I just wanna do a follow-up review on the
Sockwa X8, which is a much thinner-than-average-minimalist shoe that’s a crossbreed between a minimalist
shoe and a sock, I’ve had the X8’s for well over a year; they’ve been through a
lot as you can probably tell; I’ve racked up a ton of kilometers running and walking
in the shoes. I run about 18-km to 21 km a day, predominantly
on the road, sometimes on trails and grass. In the winter, if the snow is too deep, I
run at the indoor track. Based on my use of the Sockwa X8 in these
running conditions, out all the barefoot-minimciking minimalist running shoes I’ve tried, the
Sockwa X8 is one of the most weather-versatile in that they’ve excelled at keeping my feet
cool in the summer and warm in the winter AND more impressively, despite the shoe’s
thinness, the structural integrity of the Sockwa X8 has outlasted, by a long shot, compared
to other barefoot-influenced minimalist shoes. Despite appearing flimsy; despite being constructed
with very few materials, the fabrics, including the rubber outsole of the Sockway X8 are impressively
durable. Sockwa really hit it out of the park in their
formulation of constructing a paper-thin shoe that’s highly durable and long-lasting. In my honest opinion, its really the long-lasting
durability that fundamentally sets the Sockwa X8 apart from most barefoot-inspired running
shoes. My Sockwa X8’s have been through a lot,
but their days are far from numbered as you can tell they show very minimal, almost zero
signs of wear and tear; they’re still going strong, that’s why I put the Sockwa X8s
at the top of my list of highly recommended minimalist running shoes, especially for those
looking for a close-approximated substitute to barefoot running, again because the Sockwa
X8s are built to last, even after being exposed to harsh winter elements, the heat, sunlight,
humidity, the materials of the Sockwa X8 seems to be much more stable and dynamic than most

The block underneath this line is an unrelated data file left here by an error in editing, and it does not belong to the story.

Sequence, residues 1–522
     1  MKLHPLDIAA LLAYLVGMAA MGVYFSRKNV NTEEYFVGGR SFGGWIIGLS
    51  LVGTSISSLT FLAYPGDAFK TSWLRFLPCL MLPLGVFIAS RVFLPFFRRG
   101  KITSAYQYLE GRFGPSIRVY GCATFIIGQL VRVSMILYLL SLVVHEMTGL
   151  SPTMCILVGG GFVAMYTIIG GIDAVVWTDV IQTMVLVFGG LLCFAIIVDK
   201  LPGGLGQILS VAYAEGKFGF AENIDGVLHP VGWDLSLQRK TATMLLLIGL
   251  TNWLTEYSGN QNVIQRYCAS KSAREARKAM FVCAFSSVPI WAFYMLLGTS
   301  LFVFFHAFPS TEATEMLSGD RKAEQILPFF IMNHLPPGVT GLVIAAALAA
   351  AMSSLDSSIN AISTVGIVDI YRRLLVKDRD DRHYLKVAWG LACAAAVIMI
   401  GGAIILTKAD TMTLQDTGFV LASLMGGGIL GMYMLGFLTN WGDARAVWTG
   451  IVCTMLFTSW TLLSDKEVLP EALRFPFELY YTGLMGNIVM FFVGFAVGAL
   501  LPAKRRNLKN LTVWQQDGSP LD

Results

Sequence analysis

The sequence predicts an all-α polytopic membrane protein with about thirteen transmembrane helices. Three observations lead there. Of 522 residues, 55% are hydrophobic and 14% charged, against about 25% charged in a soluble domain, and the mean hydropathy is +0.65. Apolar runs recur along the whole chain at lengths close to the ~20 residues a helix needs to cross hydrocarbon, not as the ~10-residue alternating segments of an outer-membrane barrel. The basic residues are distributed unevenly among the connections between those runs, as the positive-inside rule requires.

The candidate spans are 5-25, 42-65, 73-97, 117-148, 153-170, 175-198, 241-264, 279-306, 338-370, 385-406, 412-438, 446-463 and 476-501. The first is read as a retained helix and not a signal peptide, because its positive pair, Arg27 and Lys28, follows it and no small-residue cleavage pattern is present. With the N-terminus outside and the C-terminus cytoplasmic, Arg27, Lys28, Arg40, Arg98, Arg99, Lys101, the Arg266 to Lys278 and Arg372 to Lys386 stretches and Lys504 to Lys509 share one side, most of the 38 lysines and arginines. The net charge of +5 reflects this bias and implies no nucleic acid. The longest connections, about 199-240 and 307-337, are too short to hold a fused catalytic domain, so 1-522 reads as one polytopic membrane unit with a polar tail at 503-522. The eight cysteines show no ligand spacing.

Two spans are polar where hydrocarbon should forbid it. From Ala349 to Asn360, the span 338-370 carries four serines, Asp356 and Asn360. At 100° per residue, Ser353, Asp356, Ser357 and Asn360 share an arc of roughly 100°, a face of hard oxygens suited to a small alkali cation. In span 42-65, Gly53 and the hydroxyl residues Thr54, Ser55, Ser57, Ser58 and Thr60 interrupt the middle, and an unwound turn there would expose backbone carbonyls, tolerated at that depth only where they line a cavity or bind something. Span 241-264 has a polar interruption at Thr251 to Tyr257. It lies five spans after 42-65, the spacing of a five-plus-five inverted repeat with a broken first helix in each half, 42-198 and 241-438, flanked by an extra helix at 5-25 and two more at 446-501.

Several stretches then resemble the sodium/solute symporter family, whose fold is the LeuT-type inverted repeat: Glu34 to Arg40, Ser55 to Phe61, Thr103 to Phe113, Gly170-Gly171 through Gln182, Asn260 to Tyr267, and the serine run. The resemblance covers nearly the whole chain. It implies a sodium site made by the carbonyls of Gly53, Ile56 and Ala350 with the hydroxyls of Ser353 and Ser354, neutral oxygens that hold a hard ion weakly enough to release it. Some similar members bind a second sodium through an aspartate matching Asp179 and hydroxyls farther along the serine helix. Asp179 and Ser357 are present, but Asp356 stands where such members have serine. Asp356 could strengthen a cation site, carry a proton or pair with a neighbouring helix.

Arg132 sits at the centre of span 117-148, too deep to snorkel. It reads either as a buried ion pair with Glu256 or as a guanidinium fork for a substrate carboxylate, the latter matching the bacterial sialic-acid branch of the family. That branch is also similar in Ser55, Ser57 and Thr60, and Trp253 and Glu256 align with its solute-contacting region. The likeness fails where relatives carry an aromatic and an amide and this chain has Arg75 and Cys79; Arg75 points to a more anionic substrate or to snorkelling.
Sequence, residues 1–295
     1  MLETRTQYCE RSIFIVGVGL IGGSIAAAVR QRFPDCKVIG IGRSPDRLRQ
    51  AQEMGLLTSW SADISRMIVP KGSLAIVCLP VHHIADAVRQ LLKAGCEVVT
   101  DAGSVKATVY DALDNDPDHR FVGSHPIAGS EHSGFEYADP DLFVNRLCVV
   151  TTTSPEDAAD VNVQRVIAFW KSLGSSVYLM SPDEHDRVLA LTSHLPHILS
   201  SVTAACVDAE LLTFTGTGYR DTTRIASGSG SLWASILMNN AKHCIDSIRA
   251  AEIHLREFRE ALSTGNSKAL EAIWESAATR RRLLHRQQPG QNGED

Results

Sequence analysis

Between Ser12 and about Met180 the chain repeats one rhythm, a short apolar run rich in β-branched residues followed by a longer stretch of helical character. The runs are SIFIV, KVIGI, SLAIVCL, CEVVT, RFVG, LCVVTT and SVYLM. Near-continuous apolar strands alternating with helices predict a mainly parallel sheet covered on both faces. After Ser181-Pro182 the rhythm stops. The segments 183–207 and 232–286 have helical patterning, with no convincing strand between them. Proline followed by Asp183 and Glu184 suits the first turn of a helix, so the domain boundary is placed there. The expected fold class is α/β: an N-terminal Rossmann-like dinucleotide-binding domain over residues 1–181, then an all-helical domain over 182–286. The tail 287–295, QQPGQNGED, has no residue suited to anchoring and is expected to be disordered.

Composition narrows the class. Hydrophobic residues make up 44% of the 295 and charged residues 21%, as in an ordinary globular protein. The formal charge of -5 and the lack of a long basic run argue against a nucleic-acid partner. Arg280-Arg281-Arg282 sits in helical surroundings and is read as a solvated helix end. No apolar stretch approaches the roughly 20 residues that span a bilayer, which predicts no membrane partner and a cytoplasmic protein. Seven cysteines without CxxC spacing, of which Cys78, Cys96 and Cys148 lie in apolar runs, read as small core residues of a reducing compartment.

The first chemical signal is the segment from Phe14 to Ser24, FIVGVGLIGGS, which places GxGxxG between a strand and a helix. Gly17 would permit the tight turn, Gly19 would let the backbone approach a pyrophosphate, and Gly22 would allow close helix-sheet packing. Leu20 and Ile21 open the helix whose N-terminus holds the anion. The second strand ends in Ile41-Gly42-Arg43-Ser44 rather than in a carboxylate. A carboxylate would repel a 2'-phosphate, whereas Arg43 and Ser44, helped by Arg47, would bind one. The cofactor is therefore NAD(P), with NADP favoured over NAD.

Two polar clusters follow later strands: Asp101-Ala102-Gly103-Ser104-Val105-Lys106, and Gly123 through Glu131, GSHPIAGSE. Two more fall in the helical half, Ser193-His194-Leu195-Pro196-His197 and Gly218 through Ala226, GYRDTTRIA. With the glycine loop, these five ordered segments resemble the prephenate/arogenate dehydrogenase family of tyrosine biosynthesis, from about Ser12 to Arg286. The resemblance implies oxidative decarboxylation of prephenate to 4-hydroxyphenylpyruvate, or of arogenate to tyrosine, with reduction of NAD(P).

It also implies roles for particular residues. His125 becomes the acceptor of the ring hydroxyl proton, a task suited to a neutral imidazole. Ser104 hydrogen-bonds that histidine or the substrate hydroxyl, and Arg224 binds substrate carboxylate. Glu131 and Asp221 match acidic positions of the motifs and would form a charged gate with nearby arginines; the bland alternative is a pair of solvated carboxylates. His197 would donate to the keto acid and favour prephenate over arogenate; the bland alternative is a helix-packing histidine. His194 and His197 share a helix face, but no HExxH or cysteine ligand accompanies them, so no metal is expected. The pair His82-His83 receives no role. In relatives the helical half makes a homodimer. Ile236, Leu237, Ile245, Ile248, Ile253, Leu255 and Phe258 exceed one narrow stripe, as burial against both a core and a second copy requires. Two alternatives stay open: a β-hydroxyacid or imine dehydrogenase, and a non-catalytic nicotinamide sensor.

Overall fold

barefoot-style shoes in its class! So, what additionally makes the Sockwa X8
so appealing? What else is the shoe good for? Because the Sockwa X8 is incredibly low-to-the-ground,
its zero-drop, has non-existant cushioning which collectively, gives the shoe its ample
flexibility, its nimble-nature and agility as well as its feather-light weight, the X8
is definitely ideal for those transitioning to more minimalist shoe models or even barefoot
running. If you prefer not to run barefoot, the Sockwa
X8 is ideal for speedwork on smooth surfaces, on grass, or the beach. The X8’s would also be great as an occasional
track shoe. They’re also ideal for 5 km races, even
racing distances up to the marathon, or ultra marathons on any terrain. The Sockwa X8 is great for the gym including
weight-lifting, crossfit, they’re also great for hiking, walking, beach-sports, pretty
much anything except for maybe obstacle course races, such as Spartan and Tough Mudders to
which I dont compete in OCRs, so I can’t comment on how well the X8 would perform in
those events. Last but not least, the Sockwa X8 is of course
perfect for everyday wear, but overall, the use and practicalities of the Sockwa X8 ultimately
depends on what YOU prefer in terms of under-foot feel in a running shoe. If you love crystal-clear ground feel, if
you don’t mind feeling every single, specific aspect of the ground, including every little
pebble, every little twig, also including the temperature of the ground –that’s how
thin the outsole of the Sockwa X8 is –you can literally feel the coldness or the warmth
of the ground — if you like to feel almost barefoot, the Sockwa X8 is the perfect candidate
for you. The Sockwa X8 virtually has no under-foot